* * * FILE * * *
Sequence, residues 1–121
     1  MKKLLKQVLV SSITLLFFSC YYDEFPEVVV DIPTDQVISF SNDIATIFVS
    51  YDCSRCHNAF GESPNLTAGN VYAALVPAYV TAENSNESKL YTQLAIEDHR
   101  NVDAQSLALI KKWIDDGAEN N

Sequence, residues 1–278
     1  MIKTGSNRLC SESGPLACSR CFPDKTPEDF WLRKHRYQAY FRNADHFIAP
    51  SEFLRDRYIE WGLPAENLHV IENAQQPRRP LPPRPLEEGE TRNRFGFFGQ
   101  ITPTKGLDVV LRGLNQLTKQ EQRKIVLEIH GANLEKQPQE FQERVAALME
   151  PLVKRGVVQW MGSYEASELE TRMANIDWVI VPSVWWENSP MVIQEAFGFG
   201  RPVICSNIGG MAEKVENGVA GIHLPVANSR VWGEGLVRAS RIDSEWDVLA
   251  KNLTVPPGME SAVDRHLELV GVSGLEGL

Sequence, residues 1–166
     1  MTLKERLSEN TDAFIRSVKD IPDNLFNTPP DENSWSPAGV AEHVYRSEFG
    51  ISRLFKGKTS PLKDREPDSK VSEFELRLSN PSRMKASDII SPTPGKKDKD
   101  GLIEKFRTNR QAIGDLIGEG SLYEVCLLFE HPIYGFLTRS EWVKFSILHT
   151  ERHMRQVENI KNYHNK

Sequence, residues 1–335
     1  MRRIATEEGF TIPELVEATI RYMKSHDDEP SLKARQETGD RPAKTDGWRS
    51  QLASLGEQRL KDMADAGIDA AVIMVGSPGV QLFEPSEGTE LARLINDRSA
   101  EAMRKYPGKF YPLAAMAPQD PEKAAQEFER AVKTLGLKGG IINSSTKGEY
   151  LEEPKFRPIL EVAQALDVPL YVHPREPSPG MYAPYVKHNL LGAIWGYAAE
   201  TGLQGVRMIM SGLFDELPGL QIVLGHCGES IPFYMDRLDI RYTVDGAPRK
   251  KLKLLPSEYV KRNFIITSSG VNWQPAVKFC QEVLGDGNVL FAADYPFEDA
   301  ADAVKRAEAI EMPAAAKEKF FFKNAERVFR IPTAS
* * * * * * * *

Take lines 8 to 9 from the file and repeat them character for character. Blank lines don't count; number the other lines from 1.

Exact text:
   101  ITPTKGLDVV LRGLNQLTKQ EQRKIVLEIH GANLEKQPQE FQERVAALME
   151  PLVKRGVVQW MGSYEASELE TRMANIDWVI VPSVWWENSP MVIQEAFGFG